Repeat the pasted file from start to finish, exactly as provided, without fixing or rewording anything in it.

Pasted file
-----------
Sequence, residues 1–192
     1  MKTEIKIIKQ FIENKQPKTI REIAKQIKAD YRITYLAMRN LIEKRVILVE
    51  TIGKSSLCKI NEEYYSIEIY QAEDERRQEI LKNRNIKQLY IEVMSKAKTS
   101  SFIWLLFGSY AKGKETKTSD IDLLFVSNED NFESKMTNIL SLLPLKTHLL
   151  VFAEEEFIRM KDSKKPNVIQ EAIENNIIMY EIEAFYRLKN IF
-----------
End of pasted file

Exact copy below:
Sequence, residues 1–192
     1  MKTEIKIIKQ FIENKQPKTI REIAKQIKAD YRITYLAMRN LIEKRVILVE
    51  TIGKSSLCKI NEEYYSIEIY QAEDERRQEI LKNRNIKQLY IEVMSKAKTS
   101  SFIWLLFGSY AKGKETKTSD IDLLFVSNED NFESKMTNIL SLLPLKTHLL
   151  VFAEEEFIRM KDSKKPNVIQ EAIENNIIMY EIEAFYRLKN IF